Adams Papers

From Louisa Catherine Johnson Adams to John Quincy Adams, 8 August 1822

Philadelphia [8-9 Aug. 1822]

August 8 Towards evening my brother became much better. To keep his thoughts from his immediate sufferings and to amuse him with conversation is the best remedy, and produces the most wonderful change both in his spirits and countenance; and the most difficult part of the business will be to wean him from the isolated habits he has acquired by his unfortunate mode of living; which made him believe that no mortal breathing had ever endured such calamities as himself—At present to fix his mind on external objects is impossible, and I have not yet discovered the master passion; but I expect much from its powerful influence should I be enabled to excite it to a good purpose—At present he is too much reduced to be susceptible of much beyond the sense of personal feeling, and the dread of family disgrace—The arrival of our friends, from Pensacola <has> which we hourly anticipate, opens a large field for speculation and occasions some little apprehension, which by occupying his attention however disagreeably may be productive of the best results—Walsh tells me that Dr Physick thinks his desease is an inveterate dyspepsia, but that he hopes by rigid diet &cc to remove it, and once more set him on his legs but his recovery will be tedious The other complaint he says will be radically cured by the operation—This is the only modern radical <that> whose acquaintance can give me any pleasure—I was much diverted by a piece in the National Intelligencer giving a thourough dressing to that consequential Gentleman the Editor of the National Gazette—There is a neat and pointed Irony in it, which was very well supported throughout—It reads like Mr. Gales—A propos! I congratulate you upon your gallantry (by no means your first attempt) to her fair Ladyship; proceed you know from experience that when you please you can raise the fair and however insignificant they may be thought, their approbation contributes largely to heighten and brighten a mans reputation, more especially when he is accused of coldness and austerity—The softer Sex can best deny such slanders and through them it is easy to check its course by a little well timed attention, delightful to yourself and enchanting to them—Whatever we may think of a mans person or manners, if his reputation is great for abilities or learning, womans pride or vanity call it what you will, is ever gratified by his notice, because it raises her consequence in the eyes of her own, Sex and in that of the society in which she moves—. That sense of inferiority which by nature and by law we are compelled to feel, and to which we must submit, is worn by us with as much satisfaction as the badge of slavery generally, and we love to be flattered out of the sense of our degradation—We cannot give a greater proof of our weakness or our inconsistency; but in these two words consist the great charm of the female tribe for had we less of either <which> we should resemble the Lords of the creation too much; and lose our feminine attractions [N] 12 reached me at noon like all your Letters it was full of affectionate wishes which are thankfully recieved and reciprocated, though there is evidently a meaning couched in them which does not appear. our fates are so jumbled together that whatever befals we must support each other to the end and if the trial is severe we may at least take the privilege of grumbling out our discontent a privilege of no little importance if we may judge of it from the satisfaction it usually affords to those who have attained it—Howeve being naturally of a very sanguine disposition I will wait for the evil and not add to its bitterness by unpleasant anticipations—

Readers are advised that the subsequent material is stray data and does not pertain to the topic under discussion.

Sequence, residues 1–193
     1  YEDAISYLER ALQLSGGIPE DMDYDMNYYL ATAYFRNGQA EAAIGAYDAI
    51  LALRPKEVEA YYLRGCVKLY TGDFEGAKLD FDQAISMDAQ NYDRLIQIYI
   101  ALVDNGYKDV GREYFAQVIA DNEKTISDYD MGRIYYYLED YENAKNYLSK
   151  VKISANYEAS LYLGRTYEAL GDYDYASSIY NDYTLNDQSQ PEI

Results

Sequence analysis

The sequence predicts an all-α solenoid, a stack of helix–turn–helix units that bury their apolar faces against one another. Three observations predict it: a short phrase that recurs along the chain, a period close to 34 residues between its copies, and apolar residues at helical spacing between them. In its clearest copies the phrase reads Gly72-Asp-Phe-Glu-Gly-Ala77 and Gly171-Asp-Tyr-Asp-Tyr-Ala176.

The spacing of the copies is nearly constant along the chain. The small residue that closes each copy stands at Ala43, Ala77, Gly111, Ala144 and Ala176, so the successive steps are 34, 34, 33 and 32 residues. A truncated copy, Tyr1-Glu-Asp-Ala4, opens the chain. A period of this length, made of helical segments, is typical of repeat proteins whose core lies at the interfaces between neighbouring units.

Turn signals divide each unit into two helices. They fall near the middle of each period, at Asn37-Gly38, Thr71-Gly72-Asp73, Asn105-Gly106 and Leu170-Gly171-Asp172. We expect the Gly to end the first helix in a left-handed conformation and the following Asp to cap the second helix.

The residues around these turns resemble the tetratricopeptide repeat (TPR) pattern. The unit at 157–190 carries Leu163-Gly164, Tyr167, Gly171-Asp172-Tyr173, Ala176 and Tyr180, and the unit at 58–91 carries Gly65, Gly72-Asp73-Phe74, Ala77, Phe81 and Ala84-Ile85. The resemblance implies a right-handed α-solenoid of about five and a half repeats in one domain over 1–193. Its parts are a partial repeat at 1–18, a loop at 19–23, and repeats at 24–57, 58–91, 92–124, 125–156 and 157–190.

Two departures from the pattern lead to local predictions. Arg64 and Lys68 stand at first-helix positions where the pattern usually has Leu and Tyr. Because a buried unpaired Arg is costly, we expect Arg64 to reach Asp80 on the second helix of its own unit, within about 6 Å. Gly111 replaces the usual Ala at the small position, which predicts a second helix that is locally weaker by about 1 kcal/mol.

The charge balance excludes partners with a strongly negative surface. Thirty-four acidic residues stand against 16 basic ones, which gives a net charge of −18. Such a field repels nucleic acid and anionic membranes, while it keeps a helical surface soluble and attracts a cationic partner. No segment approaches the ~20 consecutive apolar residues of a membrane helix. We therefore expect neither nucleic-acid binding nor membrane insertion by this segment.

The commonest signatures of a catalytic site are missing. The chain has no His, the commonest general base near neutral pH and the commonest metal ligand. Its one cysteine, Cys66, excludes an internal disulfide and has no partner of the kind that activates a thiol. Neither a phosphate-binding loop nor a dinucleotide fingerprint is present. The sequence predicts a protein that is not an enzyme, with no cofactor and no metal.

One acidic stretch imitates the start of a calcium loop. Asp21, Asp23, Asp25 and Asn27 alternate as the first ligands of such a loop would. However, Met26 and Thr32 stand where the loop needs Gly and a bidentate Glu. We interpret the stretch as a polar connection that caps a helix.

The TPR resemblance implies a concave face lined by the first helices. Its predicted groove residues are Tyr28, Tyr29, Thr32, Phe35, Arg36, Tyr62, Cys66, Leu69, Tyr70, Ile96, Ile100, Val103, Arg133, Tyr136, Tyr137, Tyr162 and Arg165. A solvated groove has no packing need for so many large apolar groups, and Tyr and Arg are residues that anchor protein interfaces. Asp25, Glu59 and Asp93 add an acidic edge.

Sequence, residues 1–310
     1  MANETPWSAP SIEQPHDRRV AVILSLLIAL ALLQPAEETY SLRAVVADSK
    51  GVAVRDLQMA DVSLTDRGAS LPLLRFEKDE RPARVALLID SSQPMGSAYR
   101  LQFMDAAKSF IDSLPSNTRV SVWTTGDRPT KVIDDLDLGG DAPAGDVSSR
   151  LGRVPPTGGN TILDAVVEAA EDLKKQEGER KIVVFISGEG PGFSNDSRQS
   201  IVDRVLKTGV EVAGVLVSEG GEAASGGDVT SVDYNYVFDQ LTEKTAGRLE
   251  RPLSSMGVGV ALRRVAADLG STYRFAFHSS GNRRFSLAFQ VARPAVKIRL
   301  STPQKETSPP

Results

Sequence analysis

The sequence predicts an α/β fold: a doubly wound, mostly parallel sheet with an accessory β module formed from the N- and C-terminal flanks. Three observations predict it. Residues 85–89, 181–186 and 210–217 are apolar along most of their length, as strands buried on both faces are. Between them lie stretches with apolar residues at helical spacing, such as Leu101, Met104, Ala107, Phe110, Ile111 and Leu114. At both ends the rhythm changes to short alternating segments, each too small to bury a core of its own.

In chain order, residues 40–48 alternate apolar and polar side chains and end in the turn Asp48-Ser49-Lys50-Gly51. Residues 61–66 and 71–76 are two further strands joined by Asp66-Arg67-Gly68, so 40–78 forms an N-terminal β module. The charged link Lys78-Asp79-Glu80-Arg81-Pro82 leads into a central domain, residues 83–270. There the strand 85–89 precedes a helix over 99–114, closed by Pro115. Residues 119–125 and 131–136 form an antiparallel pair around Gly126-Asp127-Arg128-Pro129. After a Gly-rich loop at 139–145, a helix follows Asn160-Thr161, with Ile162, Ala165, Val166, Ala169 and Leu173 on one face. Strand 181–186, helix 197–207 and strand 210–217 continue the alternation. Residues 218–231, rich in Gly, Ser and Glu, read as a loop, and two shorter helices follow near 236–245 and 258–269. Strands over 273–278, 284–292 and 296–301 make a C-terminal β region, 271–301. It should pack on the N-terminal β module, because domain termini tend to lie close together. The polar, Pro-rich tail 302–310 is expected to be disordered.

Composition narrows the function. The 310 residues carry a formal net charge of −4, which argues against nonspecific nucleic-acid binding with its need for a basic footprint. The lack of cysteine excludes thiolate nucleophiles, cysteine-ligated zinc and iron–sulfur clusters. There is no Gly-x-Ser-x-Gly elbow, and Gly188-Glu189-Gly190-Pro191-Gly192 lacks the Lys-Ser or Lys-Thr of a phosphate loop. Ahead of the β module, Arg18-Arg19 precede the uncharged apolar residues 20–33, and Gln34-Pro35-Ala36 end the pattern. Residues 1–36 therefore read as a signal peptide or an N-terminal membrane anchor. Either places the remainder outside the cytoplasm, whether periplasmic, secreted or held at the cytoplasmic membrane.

What is the reason I am no longer afraid to write all that passes in my head or in my heart to you—Time was when my pen refused to mark the dictates of my fancy and I dreaded a censure where I claimed a friend—Perhaps it would be better for you if to a certain degree this idea still existed, as you would not be overwhelmed with such torrents of nonsense and egotism—but the flattering kindness with which you have received my former Letters, has I fear produced an improper effect and made me troublesome and tedious—remember however that I neither desire or wish to exact answers to my <scribbbling> scribbling; as your time and your labours call for more serious occupations and I would not add to labours already too oppressive for my own personal gratification

9 My Brother has slept well all night and is much better. The Dr. has not yet paid his visit and of course I cannot tell what he may judge proper as to the continuance of the operation—But I hope he will proceed as the suspence is insupportable—The extreme irritability of the nervous system however makes it absolutely necessary to take the safe side of the question added to which our good Dr. possesses the great gift of the most unbending firmness from which it is said he never was known to flinch. His aspect is stern and cold almost callous but his heart is full of sensibility and his manner during an operation soothing and kind towards his patient but never such as to indicate the possibility of his suffering himself to be alarmed or intimidated by the cries and groans of his agonized patients—This has the happy effect of giving them confidence and lessening if possible the horrors of their situation—It is said that it takes him several days to brace his feelings or his nerves [to] his duty but that once done he is immoveable—

Ever Yours—

L C A.

We receiv’d an elegant bouquet from Mrs. Powell I am a great favourite—She is of the old school—

MHi: Adams Papers.

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